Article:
Before joining the atlas project Schwartzberg had no great knowledge of South Asian history. He did, however, have an intense interest in the region dating from his first sojourn there in 1955–56, when he spent six months of a three-year round- the-world tour travelling throughout the area. On a second trip to India in 1959–60
Schwartzberg carried out the fieldwork for his Ph.D. at the University of Wiscon- sin, writing on a topic related to geographic aspects of economic development. His thesis was subsequently published as a monograph of the 1961 Census of India. A third sojourn in South Asia in 1962–63 was devoted mainly to research on the social and cultural geography of the North Indian Plain. Much of Schwartzberg's academic exposure to South Asian matters came from his contacts with the stim- ulating group of scholars assembled under the dean of American indologists, W. Norman Brown, in the Department of South Asia Regional Studies at the University of Pennsylvania, where he was privileged to teach from 1960 to 1964. For several years, beginning in 1959, Schwartzberg maintained close contacts with the Office of the Registrar-General of India and, together with the late Dr. Phulrani Sengupta, prepared detailed outlines for a series of atlases to accompany the 1961 Census of India at both the national and the state levels. This experience was to prove highly useful for the present work.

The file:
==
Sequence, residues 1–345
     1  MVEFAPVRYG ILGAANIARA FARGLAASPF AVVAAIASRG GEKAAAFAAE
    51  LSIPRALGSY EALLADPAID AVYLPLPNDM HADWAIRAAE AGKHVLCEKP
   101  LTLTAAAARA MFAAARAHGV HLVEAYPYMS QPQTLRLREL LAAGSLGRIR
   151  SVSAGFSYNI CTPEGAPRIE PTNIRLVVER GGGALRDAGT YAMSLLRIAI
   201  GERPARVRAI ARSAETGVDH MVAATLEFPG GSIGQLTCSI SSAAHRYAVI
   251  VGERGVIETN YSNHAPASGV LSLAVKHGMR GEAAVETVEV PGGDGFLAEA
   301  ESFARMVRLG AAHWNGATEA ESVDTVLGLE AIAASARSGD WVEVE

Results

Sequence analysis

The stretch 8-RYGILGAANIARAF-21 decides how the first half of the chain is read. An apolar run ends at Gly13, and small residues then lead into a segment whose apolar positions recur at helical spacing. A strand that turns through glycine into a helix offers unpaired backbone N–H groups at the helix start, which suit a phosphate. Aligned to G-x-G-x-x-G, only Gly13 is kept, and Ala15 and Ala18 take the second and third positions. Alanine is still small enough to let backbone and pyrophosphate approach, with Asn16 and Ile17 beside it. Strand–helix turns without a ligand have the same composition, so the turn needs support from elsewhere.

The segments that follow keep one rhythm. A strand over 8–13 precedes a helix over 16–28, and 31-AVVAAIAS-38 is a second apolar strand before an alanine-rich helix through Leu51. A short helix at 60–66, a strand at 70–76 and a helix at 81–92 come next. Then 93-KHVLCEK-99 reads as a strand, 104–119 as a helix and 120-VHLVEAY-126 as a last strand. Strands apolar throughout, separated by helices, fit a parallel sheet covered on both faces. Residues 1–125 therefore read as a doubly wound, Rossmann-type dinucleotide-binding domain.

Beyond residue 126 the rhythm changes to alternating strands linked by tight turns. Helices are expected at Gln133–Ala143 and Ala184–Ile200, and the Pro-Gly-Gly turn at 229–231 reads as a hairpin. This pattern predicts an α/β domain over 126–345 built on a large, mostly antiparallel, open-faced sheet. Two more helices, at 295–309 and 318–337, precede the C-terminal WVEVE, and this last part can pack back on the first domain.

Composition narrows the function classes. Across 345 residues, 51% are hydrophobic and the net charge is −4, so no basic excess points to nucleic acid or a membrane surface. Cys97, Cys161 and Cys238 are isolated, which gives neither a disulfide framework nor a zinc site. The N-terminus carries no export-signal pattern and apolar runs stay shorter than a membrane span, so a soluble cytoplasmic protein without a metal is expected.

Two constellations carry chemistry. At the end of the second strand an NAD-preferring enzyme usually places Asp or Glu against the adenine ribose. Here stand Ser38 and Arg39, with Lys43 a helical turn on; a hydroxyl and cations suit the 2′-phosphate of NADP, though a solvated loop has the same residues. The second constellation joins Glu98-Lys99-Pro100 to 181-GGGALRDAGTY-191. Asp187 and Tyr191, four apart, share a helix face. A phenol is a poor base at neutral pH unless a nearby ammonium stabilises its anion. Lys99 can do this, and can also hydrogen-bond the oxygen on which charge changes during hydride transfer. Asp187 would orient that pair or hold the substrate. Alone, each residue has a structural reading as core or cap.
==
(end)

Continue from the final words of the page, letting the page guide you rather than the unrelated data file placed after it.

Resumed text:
The early phase of work at Minnesota was one of diffuse activity. An original map projection for the atlas was developed by Andress, and a set of base maps was prepared thereon. Research was done on a variety of substantive problems, relating mainly to pre- and protohistory and India's premodern overseas trade contacts, and a number of maps were prepared. In an effort at self-education, the editor worked on a large chronological chart that proved to be the portotype for two of the three charts inserted into the end cover of this atlas. Considerable at- tention was devoted to fund-raising, especially by Broek and Stein. As late as the spring of 1966 those efforts failed to bear fruit, and it then appeared that the Project was to come to a premature end in June of that year.
The atmosphere of dejection created by the impending demise of the atlas was dramatically altered in April, when the United States Office of Education an- nounced an award to the Project for eighteen months, subject to renewal for a second period of the same duration. Regrettably, however, shortly before the USOE announcement both Stein and Andress had accepted positions at other institutions. Broek and Murton were also scheduled to take temporary leaves, the former for a period of research in the Netherlands and the latter for a year's doc- toral field research, and Schwartzberg had accepted a summer teaching appoint- ment back at Pennsylvania. Under the circumstances, it was necessary to consider whether it was still feasible and desirable to proceed with the Project, since doing so would entail rebuilding a staff virtually from the beginning. As this volume makes evident, the answer was yes. It was agreed that, after Stein's departure, Broek would serve as project director and that Schwartzberg and Stein, the latter in absentia, would act as assistant directors of the work.